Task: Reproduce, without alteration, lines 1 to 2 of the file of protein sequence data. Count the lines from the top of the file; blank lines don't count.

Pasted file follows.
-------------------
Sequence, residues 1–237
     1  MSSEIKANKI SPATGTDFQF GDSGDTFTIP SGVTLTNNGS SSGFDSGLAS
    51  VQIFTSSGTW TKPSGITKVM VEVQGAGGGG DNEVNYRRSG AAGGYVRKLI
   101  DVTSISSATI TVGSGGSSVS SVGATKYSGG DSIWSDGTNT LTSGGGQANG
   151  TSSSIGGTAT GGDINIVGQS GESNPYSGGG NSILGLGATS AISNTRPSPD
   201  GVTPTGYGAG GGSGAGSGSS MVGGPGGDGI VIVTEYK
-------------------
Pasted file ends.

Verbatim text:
Sequence, residues 1–237
     1  MSSEIKANKI SPATGTDFQF GDSGDTFTIP SGVTLTNNGS SSGFDSGLAS